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Evolutionary consequences of climate-induced range shifts in insects.

Sanchez Guillen, Rosa LU ; Córdoba-Aguilar, Alex; Hansson, Bengt LU ; Ott, Jürgen and Wellenreuther, Maren LU (2015) In Biological Reviews
Abstract
Range shifts can rapidly create new areas of geographic overlap between formerly allopatric taxa and evidence is accumulating that this can affect species persistence. We review the emerging literature on the short- and long-term consequences of these geographic range shifts. Specifically, we focus on the evolutionary consequences of novel species interactions in newly created sympatric areas by describing the potential (i) short-term processes acting on reproductive barriers between species and (ii) long-term consequences of range shifts on the stability of hybrid zones, introgression and ultimately speciation and extinction rates. Subsequently, we (iii) review the empirical literature on insects to evaluate which processes have been... (More)
Range shifts can rapidly create new areas of geographic overlap between formerly allopatric taxa and evidence is accumulating that this can affect species persistence. We review the emerging literature on the short- and long-term consequences of these geographic range shifts. Specifically, we focus on the evolutionary consequences of novel species interactions in newly created sympatric areas by describing the potential (i) short-term processes acting on reproductive barriers between species and (ii) long-term consequences of range shifts on the stability of hybrid zones, introgression and ultimately speciation and extinction rates. Subsequently, we (iii) review the empirical literature on insects to evaluate which processes have been studied, and (iv) outline some areas that deserve increased attention in the future, namely the genomics of hybridisation and introgression, our ability to forecast range shifts and the impending threat from insect vectors and pests on biodiversity, human health and crop production. Our review shows that species interactions in de novo sympatric areas can be manifold, sometimes increasing and sometimes decreasing species diversity. A key issue that emerges is that climate-induced hybridisations in insects are much more widespread than anticipated and that rising temperatures and increased anthropogenic disturbances are accelerating the process of species mixing. The existing evidence only shows the tip of the iceberg and we are likely to see many more cases of species mixing following range shifts in the near future. (Less)
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author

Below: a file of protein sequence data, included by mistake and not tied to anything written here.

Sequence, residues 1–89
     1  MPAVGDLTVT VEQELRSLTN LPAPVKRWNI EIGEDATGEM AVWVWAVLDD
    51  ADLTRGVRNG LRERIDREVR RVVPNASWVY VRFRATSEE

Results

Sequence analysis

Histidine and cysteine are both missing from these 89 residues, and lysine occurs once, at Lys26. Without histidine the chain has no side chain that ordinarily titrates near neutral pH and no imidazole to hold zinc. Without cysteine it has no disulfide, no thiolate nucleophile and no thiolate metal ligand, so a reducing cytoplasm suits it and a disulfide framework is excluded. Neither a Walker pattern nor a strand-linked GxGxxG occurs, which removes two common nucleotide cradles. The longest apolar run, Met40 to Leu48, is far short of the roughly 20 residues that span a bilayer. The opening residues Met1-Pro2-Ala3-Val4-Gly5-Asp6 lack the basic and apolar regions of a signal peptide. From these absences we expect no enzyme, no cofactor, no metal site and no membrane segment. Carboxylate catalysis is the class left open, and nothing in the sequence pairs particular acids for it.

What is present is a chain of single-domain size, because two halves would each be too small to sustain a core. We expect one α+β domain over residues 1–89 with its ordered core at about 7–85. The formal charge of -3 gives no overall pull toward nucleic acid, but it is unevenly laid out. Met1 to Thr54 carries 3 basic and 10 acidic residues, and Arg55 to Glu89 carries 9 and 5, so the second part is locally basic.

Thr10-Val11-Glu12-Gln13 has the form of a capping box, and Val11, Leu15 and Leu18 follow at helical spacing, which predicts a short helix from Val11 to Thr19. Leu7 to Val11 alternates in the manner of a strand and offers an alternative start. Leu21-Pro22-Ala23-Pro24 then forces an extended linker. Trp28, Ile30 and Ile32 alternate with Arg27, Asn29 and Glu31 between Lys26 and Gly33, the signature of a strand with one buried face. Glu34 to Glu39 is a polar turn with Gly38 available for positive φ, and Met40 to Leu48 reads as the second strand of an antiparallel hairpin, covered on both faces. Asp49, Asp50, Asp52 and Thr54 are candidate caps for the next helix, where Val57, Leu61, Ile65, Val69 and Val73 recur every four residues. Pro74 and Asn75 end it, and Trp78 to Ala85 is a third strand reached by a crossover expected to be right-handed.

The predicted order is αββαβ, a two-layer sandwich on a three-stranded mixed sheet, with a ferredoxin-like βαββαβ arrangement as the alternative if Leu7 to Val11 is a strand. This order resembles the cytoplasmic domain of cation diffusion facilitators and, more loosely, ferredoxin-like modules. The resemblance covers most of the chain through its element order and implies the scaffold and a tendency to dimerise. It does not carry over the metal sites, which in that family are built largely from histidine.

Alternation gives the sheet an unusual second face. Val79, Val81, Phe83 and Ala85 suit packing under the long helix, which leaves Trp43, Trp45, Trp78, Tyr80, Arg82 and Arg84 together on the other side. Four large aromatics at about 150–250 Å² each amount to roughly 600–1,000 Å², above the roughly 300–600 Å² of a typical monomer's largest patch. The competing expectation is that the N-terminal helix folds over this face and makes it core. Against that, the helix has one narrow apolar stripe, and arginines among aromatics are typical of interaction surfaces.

organization
publishing date
type
Contribution to journal
publication status
published
subject
in
Biological Reviews
publisher
Cambridge University Press
external identifiers
  • pmid:26150047
  • scopus:84935472614
ISSN
1469-185X
DOI
10.1111/brv.12204
project
Colour genes in dragonflies
language
English
LU publication?
yes
id
acacb35c-ce0b-4800-afde-9e6f4bb45252 (old id 7750289)
date added to LUP
2015-09-22 17:39:30
date last changed
2017-08-06 03:16:22
@article{acacb35c-ce0b-4800-afde-9e6f4bb45252,
  abstract     = {Range shifts can rapidly create new areas of geographic overlap between formerly allopatric taxa and evidence is accumulating that this can affect species persistence. We review the emerging literature on the short- and long-term consequences of these geographic range shifts. Specifically, we focus on the evolutionary consequences of novel species interactions in newly created sympatric areas by describing the potential (i) short-term processes acting on reproductive barriers between species and (ii) long-term consequences of range shifts on the stability of hybrid zones, introgression and ultimately speciation and extinction rates. Subsequently, we (iii) review the empirical literature on insects to evaluate which processes have been studied, and (iv) outline some areas that deserve increased attention in the future, namely the genomics of hybridisation and introgression, our ability to forecast range shifts and the impending threat from insect vectors and pests on biodiversity, human health and crop production. Our review shows that species interactions in de novo sympatric areas can be manifold, sometimes increasing and sometimes decreasing species diversity. A key issue that emerges is that climate-induced hybridisations in insects are much more widespread than anticipated and that rising temperatures and increased anthropogenic disturbances are accelerating the process of species mixing. The existing evidence only shows the tip of the iceberg and we are likely to see many more cases of species mixing following range shifts in the near future.},
  author       = {Sanchez Guillen, Rosa and Córdoba-Aguilar, Alex and Hansson, Bengt and Ott, Jürgen and Wellenreuther, Maren},
  issn         = {1469-185X},
  language     = {eng},
  month        = {07},
  publisher    = {Cambridge University Press},
  series       = {Biological Reviews},
  title        = {Evolutionary consequences of climate-induced range shifts in insects.},
  url          = {http://dx.doi.org/10.1111/brv.12204},
  year         = {2015},
}